• Inspired "civic humanists" - using classical education for public good.

  • Leonardo Bruni (1370-1444)

  • First modern historian

  • Said history was "a subject which must not be neglected by one who aspires to true civilization"

  • Study of past can help us understand the present and predict the future

  • Wrote biography of Cicero

  • And History of the Florentine People

  • Said Italy was going through a new age, a Renaissance (Rebirth)

  • Also created educational program for women (without rhetoric)

  • Lorenzo Valla (1406-1457)

  • Italian Humanist

  • Critical textual analysis (language can tell a story on its own)

  • Donation of Constantine (1440)

  • Document about Emperor Constantine (272-337 CE) donating control of western half of his empire to the papacy

  • Valla said it was not authentic because word "fief" was used - a term that was not in use until 8th c. CE

  • Valla examined the Vulgate Bible - standard Latin Bible of the Middle Ages

  • Determined that author Jerome mistranslated passages from Greek

  • Pico de Mirandola

  • Wrote "Oration on the Dignity of Man" (1486)

ART, ARCHITECTURE and LITERATURE

ART

  • Art style

  • Patrons wanted naturalistic style

  • New techniques - no more hierarchical scaling

  • Used oil painting (instead of frescoes on wet plaster or tempera on wood)

  • Some employed chiaroscuro - contrast between light and dark.

  • Used single-point perspective

  • Leonardo da Vinci (1452-1519)

  • From Vinci

  • Painted

  • Mona Lisa

  • Last Supper

  • Vitruvian Man

  • Raphael (1483-1520)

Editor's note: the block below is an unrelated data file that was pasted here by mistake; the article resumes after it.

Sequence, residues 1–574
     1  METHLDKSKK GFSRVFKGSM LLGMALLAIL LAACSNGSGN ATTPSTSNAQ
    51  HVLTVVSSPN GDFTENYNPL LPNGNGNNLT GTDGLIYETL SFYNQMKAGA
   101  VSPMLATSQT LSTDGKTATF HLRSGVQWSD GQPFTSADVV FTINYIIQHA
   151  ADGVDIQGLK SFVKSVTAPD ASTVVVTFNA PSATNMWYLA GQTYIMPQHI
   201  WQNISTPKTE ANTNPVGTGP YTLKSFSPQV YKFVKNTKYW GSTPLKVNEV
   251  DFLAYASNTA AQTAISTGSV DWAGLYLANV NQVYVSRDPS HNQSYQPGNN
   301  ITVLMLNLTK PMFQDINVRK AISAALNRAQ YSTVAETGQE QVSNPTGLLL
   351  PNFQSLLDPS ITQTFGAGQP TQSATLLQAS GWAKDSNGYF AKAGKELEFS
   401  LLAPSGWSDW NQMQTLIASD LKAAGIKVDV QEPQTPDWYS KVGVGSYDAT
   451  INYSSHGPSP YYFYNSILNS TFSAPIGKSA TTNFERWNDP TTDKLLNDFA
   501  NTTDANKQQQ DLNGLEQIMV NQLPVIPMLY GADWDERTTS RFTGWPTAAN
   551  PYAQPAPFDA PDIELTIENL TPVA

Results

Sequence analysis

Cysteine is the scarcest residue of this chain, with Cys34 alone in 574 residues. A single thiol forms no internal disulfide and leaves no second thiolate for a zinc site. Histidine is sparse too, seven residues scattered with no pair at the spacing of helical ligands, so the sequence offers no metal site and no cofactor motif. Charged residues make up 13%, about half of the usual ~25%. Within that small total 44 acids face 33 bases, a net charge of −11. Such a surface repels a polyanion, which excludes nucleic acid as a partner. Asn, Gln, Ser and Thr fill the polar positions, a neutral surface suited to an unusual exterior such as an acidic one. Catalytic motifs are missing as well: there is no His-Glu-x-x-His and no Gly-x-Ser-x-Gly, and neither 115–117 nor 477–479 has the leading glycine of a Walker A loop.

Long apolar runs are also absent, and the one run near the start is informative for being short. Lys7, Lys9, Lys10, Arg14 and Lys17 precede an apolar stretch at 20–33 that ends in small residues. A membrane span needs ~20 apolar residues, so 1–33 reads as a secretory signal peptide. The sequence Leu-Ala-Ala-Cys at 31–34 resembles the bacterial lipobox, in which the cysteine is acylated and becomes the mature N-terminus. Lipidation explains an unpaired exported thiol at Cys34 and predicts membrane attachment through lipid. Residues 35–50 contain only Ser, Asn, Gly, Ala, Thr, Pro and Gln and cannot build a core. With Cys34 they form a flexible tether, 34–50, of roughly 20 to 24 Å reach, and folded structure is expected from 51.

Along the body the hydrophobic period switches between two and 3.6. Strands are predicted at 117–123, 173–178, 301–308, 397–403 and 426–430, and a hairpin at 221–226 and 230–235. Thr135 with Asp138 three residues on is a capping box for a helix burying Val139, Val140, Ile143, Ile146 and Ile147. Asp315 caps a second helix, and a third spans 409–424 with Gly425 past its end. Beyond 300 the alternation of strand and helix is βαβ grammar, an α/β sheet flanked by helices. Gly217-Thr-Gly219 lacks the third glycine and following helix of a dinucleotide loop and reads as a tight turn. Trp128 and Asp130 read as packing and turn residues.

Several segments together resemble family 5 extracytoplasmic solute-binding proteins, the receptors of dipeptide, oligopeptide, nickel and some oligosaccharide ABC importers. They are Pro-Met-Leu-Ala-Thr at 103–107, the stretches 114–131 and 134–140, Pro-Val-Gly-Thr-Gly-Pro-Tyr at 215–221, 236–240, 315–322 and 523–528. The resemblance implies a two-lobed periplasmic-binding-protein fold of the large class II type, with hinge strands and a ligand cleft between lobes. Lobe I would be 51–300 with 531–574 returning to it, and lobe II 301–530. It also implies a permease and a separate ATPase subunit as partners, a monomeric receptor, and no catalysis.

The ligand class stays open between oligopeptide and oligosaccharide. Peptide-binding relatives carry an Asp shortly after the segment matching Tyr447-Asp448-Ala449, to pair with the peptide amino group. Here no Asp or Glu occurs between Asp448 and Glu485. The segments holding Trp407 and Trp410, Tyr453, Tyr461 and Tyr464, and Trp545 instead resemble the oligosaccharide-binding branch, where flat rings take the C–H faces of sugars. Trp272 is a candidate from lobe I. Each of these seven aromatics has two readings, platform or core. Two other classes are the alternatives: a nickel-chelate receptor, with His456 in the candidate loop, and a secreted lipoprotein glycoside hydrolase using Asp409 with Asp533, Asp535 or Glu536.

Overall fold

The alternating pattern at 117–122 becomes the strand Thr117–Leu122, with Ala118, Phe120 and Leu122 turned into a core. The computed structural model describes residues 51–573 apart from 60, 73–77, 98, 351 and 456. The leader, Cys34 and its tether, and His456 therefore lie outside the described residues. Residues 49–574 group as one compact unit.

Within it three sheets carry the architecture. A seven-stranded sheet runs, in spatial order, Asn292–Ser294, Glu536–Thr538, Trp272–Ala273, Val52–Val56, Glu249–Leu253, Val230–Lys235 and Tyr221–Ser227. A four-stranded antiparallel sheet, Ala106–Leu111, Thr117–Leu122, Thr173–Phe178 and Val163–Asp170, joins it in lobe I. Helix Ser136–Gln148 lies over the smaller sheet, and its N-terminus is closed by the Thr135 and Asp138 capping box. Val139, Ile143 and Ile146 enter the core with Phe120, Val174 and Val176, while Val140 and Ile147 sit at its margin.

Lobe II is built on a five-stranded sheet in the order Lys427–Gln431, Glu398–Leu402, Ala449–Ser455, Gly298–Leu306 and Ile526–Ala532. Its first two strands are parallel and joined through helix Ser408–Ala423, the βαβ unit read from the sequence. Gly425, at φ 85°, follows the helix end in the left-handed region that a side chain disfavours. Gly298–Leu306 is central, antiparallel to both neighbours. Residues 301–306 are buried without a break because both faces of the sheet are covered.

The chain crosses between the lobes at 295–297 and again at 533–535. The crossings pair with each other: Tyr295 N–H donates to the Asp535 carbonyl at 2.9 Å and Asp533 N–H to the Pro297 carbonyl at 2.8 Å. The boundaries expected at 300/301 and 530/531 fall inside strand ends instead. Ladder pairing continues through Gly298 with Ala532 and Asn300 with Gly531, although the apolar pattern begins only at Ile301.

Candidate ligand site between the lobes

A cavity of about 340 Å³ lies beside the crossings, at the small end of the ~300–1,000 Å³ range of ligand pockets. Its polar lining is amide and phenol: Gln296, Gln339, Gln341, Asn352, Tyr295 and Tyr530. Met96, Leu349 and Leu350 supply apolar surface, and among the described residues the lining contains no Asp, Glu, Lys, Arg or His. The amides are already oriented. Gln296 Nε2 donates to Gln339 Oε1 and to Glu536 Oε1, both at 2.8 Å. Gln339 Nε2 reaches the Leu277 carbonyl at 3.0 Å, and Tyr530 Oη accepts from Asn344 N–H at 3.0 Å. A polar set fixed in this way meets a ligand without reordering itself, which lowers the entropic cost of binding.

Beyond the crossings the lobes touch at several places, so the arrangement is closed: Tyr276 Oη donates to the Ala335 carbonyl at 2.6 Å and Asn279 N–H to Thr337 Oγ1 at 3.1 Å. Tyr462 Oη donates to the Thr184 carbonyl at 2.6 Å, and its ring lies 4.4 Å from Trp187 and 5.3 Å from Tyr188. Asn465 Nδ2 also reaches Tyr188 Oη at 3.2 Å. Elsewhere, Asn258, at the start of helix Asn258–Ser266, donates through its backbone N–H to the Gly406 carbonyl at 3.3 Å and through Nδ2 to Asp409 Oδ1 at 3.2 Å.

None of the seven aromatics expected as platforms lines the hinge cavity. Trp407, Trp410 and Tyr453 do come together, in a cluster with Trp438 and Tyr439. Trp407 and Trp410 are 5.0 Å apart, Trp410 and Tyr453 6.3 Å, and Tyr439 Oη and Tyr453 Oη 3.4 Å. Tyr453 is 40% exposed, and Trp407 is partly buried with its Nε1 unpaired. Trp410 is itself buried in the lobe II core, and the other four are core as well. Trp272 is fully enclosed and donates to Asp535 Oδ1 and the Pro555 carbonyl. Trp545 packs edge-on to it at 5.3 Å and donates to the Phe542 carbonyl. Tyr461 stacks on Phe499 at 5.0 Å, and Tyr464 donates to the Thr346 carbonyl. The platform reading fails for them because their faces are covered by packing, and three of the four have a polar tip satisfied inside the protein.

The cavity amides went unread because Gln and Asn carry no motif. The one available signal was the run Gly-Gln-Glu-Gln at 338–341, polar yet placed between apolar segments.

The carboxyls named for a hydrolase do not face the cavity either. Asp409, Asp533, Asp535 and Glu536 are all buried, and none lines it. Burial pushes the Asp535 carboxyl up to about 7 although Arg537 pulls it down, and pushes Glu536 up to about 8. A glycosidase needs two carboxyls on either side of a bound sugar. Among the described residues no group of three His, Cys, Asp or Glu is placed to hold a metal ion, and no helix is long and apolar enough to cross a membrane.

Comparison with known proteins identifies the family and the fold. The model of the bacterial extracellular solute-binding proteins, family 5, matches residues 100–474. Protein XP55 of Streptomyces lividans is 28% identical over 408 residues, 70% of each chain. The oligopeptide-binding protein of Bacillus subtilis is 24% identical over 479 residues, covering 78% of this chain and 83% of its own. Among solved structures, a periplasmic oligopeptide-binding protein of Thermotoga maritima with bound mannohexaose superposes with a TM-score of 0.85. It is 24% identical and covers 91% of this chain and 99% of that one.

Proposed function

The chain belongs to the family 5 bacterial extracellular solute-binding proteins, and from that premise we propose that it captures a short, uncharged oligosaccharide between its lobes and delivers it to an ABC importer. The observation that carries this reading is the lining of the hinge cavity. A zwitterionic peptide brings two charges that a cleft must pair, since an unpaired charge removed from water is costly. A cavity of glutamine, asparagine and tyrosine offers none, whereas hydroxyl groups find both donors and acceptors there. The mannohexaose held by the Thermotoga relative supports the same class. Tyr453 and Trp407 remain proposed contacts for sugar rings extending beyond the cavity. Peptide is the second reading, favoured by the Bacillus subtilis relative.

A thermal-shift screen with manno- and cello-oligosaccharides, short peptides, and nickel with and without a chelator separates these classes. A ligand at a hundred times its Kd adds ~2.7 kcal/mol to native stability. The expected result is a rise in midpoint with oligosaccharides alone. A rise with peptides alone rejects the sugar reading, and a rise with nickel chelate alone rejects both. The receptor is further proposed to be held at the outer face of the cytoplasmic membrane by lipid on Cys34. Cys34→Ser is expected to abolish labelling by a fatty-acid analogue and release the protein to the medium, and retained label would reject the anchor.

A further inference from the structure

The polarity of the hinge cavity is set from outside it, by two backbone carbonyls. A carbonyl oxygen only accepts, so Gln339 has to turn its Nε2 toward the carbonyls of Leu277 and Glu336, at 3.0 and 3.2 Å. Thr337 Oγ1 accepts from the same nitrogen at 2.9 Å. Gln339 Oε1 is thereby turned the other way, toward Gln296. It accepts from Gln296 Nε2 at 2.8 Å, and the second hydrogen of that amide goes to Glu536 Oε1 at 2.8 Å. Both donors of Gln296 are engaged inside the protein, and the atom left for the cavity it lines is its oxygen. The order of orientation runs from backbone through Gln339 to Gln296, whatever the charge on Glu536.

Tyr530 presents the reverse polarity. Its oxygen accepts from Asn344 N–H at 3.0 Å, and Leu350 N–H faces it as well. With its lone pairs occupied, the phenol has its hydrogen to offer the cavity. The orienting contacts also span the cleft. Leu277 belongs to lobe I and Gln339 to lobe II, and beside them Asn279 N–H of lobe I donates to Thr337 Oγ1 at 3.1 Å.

• From Urbino

  • Painted "The School of Athens"

  • At Vatican

  • Shows Plato, Aristotle and a number of other Greek and Roman philosophers

  • Single-point perspective

  • Michelangelo (1475-1564)

  • From Florence

  • Sculpted David

  • Commissioned by Julius II to paint the ceiling of the Sistine Chapel in the Vatican

ARCHITECTURE

  • Filippo Brunelleschi (1377-1446)

  • Designed the dome of the Florence Cathedral (feat of engineering)

LITERATURE

  • Baldassare Castiglione (1478-1529)

  • ​Wrote The Courtier (1528)

  • Described the ideal man of the age ("Renaissance Man") who knew several languages and skilled in the arts.

  • Niccolò Machiavelli (1469-1527)

  • Was Second Chancery of the Republic of Florence 1498-1512

  • When Medici were not in power

  • When the Medici, with the help of papal troops, defeated the government, Machiavelli was imprisoned and tortured for "conspiring against the Medici"

  • Wrote "The Prince" in 1513 while in exile (published 1532)

  • Dedicated to Giuliano de Medici - then Lorenzo II after Giuliani died in 1516

  • In an attempt to regain his status.

  • Christine de Pizan (Pisan) (1364-1430)